The bongo-playing actor is stepping into the world of children’s literature and wants the world to know about his dreams
What are your dreams like? Do they play out like mini-movies, complete with storylines and dramatic tension? Are they more like the paintings of Salvador Dalí, surrealist and bizarre? Perhaps they are filled with boring tasks, like trips to the supermarket or visits to Ikea. Or, as Matthew McConaughey said in a recent interview about his own reveries, maybe your dreams come to you like a Bob Dylan song.
McConaughey isn’t giving up acting and pivoting to dream reading. Instead, the How To Lose a Guy in 10 Days star dropped by USA Today to talk about how his dreams have informed his upcoming foray into children’s publishing: a picture book called Just Because.
“This book came to me in a dream. It was like a folk song ditty. I woke up at 2:30 and just went and wrote it down. I thought it was a Bob Dylan ditty, which it kind of is,” McConaughey mused.
Indeed, in a promotional video put together by publisher Penguin Kids featuring an extract from the book, there is an air of ol’Bobby D in McConaughey’s drawling narration.
Given that Bob Dylan has written over 600 songs, it’s very possible that such a modern-day troubadour dreams in music. This is where McConaughey and Dylan perhaps have more things in common – as McConaughey puts it: “That’s how I think and dream, in song and rhythm.”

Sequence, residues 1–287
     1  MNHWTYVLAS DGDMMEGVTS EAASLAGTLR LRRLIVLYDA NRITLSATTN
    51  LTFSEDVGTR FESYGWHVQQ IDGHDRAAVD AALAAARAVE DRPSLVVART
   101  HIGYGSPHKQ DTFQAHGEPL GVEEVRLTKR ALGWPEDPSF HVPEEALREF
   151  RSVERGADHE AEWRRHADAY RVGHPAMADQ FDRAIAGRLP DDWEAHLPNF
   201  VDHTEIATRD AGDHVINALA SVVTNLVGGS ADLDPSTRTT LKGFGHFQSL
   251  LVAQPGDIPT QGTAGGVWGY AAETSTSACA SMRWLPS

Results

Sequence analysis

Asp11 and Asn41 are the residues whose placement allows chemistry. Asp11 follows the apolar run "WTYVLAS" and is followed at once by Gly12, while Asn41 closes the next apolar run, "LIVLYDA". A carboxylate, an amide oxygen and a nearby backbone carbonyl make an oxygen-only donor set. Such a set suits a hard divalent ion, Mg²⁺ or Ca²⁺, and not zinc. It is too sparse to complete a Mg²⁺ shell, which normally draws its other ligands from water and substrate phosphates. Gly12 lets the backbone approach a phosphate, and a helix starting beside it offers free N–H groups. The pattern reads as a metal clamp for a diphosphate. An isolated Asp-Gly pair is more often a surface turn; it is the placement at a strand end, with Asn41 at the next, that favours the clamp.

If this form of dreaming sounds counter-intuitive to actual rest, that might be deliberate. After all, according to McConaughey, Just Because is actually just a book about life and its contradictions.
“It’s about the poetry of life, instead of having the pressure on us that feels like we’re told every day that we need to be absolute about every single thing,” he said. “That’s not really life. Life’s much more poetic, odd, ironic. Once you admit all these contradictions, life becomes much more of a poem.”
There is evidence to support McConaughey’s claims of rhythmic thinking. The Ghosts of Girlfriend’s Past actor has been known to venture into the great outdoors in nothing but the skin he was born in to play the bongos, an event he recalled in his 2020 memoir Greenlights.
“It was time to stand over my drum set and follow the rhythm of the blues before they got to Memphis, on my favourite Afro-Cuban drum. It was time for a jam session,” McConaughey wrote. “What I didn’t know was that while I was banging away in my bliss, two Austin policemen also thought it was time to barge into my house unannounced, wrestle me to the ground with nightsticks, handcuff me and pin me to the floor.”
Nowadays it seems that McConaughey’s desire to follow the rhythm results in picture books instead of prison time. It’s all part of his ongoing journey of growth.
“I’ve gotten to an age now where I know that if I let myself have fun doing something, I don’t become reckless, I don’t become irresponsible, I don’t become a tyrant,” he said. “I’m working on the riddle of life, and that riddle excites the heck out of me.” Far out, man.